The Edmonton Oilers may still improve; young players like Sam Gagner and Andrew Cogliano might take significant strides forward, the team might enjoy better halth as a whole (not that there were an inordinate number of injuries last season) and a better schedule could all help the Oilers be a better hockey team.

But there are any number of positive steps still left to Steve Tambellini and his staff, and not taking them would be a mistake.

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Jonathan Willis is Managing Editor of the Nation Network. He also currently writes for the Edmonton Journal's Cult of Hockey, Grantland, and Hockey Prospectus. His work has appeared at theScore, ESPN and Puck Daddy. He was previously founder and managing editor of Copper & Blue. Contact him at jonathan (dot) willis (at) live (dot) ca.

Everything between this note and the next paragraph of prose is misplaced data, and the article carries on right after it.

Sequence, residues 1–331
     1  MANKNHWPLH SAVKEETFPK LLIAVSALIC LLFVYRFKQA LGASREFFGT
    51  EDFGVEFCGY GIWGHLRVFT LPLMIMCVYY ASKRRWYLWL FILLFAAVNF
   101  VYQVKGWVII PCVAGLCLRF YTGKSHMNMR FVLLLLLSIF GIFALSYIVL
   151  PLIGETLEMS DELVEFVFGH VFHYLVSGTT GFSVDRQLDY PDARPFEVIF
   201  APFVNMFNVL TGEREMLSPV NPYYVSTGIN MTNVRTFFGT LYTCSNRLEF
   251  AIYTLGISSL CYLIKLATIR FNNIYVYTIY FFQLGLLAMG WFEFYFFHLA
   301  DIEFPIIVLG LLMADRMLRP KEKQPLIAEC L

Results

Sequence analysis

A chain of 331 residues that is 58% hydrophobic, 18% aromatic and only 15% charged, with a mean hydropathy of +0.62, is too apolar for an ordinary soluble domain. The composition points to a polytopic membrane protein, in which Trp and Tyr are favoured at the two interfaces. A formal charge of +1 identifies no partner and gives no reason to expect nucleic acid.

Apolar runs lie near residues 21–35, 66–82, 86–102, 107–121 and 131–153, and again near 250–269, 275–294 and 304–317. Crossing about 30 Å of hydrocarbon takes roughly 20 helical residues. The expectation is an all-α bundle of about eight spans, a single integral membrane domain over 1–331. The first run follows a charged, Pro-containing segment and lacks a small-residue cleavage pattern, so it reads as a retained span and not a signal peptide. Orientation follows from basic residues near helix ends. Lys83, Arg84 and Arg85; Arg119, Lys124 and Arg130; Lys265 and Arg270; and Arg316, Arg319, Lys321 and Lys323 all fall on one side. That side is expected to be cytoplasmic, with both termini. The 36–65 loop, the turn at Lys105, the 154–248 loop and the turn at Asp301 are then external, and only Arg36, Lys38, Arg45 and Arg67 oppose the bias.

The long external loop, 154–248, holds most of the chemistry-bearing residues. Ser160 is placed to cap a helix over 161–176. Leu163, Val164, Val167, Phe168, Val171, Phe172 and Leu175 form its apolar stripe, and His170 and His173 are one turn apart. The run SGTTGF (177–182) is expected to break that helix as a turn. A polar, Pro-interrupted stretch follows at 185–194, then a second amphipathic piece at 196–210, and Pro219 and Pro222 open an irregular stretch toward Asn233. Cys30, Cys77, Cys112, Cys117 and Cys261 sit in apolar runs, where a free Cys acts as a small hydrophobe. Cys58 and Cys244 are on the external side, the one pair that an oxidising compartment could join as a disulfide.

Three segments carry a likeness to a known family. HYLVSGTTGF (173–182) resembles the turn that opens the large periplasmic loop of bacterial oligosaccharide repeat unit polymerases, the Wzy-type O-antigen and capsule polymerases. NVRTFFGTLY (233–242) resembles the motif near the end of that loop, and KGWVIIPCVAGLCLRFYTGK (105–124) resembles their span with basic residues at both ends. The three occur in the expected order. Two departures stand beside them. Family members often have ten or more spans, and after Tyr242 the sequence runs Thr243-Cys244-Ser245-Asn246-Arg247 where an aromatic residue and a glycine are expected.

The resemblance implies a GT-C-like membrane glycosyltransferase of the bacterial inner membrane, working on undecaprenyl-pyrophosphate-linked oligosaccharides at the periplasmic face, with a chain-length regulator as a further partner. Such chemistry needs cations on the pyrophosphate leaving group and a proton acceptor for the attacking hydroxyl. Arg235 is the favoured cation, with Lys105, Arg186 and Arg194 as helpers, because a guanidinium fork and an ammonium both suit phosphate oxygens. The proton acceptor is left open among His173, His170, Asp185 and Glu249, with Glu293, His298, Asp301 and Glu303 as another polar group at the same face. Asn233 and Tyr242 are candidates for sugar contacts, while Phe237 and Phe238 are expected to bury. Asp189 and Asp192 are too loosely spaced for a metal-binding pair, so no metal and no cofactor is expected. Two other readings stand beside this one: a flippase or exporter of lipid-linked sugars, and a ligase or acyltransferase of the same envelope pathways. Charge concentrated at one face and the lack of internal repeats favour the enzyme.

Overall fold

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#101 Hemmertime
July 17 2009, 09:01PM
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@ DanMan: Detroits system isnt completely offensive, and they have their Maltby's and Drapers too. Their stars are 2 way players, Defense wins

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#102 ronaldo
July 17 2009, 09:08PM
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Every off-season I believe management can't be this dumb, they know what their doing and have something big up their sleeve. Then the season starts, I focus on watching the team and assume the big deals couldn't happen as it's hard to make these things happen in the cap world. Yet, somehow, other teams seem to improve. Why is this? It must be because, yes, they are this dumb. *pours another drink, tries to return to state of blind (drunken) optimism*